### Delete

Deletion from vEB trees is the trickiest of the operations. The call Delete(T, x) that deletes a value x from a vEB tree T operates as follows:

If T.min = T.max = x then x is the only element stored in the tree and we set T.min = M and T.max = -1 to indicate that the tree is empty.

Otherwise, if x = T.min then we need to find the second-smallest value y in the vEB tree, delete it from its current location, and set T.min=y. The second-smallest value y is either T.max or T.children[T.aux.min].min, so it can be found in O(1) time. In the latter case we delete y from the subtree that contains it.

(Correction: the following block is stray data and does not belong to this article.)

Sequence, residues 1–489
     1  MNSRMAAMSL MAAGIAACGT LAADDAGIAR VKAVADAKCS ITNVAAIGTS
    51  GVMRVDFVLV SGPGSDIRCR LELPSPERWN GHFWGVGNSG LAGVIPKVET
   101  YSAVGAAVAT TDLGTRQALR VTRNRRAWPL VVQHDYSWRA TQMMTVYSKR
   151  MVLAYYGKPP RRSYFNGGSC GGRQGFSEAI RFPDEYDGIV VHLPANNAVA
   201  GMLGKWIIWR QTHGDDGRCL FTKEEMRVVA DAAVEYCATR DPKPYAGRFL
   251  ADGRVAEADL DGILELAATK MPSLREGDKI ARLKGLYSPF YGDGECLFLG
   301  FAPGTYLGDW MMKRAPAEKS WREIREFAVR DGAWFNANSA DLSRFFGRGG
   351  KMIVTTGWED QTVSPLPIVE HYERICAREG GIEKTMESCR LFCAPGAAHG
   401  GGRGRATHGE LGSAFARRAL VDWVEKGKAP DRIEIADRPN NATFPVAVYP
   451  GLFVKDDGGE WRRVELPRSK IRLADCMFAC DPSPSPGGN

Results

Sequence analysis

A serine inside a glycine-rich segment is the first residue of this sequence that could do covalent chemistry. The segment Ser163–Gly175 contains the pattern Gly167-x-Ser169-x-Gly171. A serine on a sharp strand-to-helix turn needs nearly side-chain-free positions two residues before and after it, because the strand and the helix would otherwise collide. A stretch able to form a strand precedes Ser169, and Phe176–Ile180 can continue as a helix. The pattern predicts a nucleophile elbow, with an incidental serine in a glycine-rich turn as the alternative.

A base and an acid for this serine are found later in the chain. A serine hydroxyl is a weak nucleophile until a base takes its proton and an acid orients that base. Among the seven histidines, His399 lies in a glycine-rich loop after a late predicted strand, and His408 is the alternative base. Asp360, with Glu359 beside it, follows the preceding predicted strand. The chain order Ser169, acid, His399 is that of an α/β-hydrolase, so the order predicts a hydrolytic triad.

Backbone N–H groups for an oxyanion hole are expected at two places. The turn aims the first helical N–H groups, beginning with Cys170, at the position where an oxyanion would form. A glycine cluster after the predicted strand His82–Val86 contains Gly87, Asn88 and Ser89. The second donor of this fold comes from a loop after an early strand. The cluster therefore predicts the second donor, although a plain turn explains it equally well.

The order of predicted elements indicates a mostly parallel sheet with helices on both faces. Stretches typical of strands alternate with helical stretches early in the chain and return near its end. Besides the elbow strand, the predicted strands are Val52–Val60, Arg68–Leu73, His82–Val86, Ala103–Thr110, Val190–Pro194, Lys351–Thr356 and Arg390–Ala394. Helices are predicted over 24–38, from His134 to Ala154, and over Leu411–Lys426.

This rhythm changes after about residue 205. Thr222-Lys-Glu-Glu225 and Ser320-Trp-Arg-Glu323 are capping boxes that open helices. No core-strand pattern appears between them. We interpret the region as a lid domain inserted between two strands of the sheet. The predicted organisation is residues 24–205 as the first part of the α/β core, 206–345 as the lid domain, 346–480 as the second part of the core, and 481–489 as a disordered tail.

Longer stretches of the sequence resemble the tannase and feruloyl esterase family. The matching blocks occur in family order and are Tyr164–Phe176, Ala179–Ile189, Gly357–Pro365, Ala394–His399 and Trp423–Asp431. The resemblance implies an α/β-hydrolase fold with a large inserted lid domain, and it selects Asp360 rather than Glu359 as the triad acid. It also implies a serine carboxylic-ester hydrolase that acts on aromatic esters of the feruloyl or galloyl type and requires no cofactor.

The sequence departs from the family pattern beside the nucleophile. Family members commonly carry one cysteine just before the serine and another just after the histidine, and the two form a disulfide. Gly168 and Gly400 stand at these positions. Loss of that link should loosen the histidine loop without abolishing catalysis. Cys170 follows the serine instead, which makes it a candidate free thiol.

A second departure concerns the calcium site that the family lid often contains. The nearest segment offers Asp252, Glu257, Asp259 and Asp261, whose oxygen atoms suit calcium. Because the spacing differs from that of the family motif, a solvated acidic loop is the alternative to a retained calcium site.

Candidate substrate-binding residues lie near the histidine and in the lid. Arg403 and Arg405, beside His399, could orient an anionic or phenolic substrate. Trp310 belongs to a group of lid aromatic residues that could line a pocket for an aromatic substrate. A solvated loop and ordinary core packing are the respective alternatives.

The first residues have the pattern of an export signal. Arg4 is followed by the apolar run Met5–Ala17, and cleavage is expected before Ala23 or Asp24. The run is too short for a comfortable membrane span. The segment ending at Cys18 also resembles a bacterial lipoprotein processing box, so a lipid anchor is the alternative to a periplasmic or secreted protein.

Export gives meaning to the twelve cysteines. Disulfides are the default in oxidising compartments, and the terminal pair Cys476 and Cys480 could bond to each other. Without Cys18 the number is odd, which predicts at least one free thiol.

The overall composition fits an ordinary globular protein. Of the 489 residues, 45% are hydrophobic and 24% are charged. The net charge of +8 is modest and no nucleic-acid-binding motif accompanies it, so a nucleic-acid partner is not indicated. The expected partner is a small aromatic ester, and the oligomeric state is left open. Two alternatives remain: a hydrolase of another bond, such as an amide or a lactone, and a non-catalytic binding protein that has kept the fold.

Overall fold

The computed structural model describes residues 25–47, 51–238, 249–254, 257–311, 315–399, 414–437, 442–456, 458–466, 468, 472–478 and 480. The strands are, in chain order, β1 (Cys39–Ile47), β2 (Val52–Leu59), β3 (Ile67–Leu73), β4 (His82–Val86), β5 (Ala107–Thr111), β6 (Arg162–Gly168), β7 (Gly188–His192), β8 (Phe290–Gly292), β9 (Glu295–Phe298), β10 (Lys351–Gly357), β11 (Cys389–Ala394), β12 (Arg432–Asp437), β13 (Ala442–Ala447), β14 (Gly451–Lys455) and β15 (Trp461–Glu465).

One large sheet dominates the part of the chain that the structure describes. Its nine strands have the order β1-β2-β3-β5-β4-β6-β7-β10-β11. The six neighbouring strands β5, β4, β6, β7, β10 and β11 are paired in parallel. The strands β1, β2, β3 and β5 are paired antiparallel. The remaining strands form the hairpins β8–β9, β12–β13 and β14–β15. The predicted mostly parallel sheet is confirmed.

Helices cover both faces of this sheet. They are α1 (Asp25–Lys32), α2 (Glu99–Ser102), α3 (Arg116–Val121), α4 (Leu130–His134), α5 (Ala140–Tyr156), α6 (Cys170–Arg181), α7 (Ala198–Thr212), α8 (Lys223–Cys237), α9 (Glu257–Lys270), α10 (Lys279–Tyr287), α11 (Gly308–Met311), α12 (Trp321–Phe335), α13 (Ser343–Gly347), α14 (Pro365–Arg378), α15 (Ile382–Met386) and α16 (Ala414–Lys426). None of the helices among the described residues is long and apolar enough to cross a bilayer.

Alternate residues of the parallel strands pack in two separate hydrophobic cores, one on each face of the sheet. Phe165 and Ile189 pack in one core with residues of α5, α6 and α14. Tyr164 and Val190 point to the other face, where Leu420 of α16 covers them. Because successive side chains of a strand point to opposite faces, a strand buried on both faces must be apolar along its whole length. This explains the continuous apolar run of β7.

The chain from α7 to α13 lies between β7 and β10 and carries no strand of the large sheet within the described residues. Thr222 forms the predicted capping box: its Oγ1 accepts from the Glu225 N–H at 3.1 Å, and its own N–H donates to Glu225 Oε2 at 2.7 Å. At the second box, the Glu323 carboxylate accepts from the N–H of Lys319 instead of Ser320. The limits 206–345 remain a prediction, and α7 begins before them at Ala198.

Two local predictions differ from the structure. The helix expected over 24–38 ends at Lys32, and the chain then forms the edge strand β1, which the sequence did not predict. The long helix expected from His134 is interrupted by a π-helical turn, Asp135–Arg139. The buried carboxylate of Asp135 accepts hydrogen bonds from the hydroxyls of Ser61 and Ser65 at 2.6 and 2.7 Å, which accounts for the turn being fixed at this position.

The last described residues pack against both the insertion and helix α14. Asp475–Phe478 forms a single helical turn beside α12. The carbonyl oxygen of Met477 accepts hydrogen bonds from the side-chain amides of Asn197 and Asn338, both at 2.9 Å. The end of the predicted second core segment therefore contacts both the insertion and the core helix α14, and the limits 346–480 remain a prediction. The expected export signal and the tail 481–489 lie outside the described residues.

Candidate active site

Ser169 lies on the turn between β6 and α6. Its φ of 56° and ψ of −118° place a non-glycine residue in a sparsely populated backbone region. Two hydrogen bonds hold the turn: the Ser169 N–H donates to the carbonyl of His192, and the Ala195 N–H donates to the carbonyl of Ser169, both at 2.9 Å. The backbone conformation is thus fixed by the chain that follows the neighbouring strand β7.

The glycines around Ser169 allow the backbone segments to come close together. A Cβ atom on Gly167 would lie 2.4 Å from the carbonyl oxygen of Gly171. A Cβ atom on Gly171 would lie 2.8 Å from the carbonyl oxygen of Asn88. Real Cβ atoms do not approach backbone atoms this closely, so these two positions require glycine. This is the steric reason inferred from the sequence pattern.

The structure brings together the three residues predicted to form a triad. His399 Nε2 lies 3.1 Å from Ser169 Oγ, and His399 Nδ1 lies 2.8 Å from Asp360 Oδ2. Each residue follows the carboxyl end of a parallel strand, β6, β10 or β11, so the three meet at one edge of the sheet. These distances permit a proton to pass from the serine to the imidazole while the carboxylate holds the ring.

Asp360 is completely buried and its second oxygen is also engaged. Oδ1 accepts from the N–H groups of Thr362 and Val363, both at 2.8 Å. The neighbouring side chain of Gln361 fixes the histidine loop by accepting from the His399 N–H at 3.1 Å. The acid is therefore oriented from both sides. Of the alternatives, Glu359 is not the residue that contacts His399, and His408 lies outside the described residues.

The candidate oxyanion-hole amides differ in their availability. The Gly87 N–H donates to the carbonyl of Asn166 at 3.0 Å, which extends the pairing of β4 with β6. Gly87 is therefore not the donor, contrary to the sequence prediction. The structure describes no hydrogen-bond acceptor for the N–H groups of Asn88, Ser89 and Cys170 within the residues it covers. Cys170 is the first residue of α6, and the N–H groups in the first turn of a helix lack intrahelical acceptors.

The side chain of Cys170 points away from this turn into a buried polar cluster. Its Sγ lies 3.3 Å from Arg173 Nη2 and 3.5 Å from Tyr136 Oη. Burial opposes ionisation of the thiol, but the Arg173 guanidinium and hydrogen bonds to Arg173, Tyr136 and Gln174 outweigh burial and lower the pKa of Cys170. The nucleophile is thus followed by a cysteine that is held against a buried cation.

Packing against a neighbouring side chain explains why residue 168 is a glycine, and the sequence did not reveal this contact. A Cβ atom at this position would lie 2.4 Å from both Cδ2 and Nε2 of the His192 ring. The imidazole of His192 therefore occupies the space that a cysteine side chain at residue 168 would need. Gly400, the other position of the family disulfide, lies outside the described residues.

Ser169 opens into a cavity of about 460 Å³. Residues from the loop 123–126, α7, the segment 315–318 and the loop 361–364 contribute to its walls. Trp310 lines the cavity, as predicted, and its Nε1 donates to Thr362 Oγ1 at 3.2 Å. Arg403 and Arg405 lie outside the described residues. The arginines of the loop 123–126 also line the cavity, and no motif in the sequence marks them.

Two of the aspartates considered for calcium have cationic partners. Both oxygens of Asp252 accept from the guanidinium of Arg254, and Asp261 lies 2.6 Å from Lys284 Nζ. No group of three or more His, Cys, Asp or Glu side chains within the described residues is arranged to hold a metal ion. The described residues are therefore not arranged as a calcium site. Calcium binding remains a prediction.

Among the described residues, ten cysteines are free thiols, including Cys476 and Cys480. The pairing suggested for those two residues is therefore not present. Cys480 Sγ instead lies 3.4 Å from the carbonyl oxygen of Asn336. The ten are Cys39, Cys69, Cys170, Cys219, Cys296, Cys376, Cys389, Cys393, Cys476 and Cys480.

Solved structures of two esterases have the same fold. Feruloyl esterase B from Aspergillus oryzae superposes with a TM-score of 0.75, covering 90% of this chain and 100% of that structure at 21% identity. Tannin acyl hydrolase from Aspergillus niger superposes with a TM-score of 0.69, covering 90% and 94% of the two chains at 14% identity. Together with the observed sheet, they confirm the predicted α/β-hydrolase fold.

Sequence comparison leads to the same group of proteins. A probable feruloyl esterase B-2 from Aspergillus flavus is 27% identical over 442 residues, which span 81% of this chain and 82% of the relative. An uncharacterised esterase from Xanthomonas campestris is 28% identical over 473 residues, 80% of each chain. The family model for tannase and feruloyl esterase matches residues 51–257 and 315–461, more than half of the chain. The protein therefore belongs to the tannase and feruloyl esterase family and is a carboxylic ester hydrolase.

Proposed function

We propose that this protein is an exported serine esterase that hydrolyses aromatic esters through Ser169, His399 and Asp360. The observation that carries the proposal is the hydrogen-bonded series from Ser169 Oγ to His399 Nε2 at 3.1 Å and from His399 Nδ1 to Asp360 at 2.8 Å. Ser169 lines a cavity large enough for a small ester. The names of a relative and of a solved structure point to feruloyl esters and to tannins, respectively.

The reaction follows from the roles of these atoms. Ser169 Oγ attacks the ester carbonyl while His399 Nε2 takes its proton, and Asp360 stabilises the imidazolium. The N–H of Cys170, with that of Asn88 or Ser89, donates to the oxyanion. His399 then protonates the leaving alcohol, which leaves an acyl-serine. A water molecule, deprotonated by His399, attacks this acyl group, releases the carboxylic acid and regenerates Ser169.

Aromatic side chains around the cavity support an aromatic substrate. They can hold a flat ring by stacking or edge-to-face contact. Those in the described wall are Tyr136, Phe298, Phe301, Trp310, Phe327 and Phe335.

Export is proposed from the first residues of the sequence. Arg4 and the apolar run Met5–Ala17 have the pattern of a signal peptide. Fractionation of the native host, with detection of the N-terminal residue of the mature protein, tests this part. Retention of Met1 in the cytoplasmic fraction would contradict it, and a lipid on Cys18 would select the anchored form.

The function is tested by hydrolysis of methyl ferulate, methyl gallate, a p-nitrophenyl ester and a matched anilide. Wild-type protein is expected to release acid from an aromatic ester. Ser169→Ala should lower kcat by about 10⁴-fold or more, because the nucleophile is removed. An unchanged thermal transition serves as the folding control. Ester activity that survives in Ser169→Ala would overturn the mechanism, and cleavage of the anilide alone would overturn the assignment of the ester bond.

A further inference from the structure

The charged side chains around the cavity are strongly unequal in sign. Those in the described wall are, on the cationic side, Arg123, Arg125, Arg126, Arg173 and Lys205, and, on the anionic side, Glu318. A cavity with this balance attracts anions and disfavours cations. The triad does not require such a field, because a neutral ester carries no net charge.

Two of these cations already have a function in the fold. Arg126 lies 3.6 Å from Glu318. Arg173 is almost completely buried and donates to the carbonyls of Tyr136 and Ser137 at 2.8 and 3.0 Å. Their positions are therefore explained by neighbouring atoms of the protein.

Similarly, if x = T.max then we need to find the second-largest value y in the vEB tree and set T.max=y. The second-largest value y is either T.min or T.children[T.aux.max].max, so it can be found in O(1) time. We also delete x from the subtree that contains it.

In case where x is not T.min or T.max, and T has no other elements, we know x is not in T and return without further operations.

Otherwise, we have the typical case where x≠T.min and x≠T.max. In this case we delete x from the subtree T.children[i] that contains x.

In any of the above cases, if we delete the last element x or y from any subtree T.children[i] then we also delete i from T.aux

In code:

function Delete(T, x)
if T.min == T.max == x then
T.min = M
T.max = -1
return
if x == T.min then
if T.aux is empty then
T.min = T.max
return
else
x = T.children[T.aux.min].min
T.min = x
if x == T.max then
if T.aux is empty then
T.max = T.min
return
else
T.max = T.children[T.aux.max].max
if T.aux is empty then
return
i = floor(x / $\sqrt{M}$)
Delete(T.children[i], x % $\sqrt{M}$)
if T.children[i] is empty then
Delete(T.aux, i)
end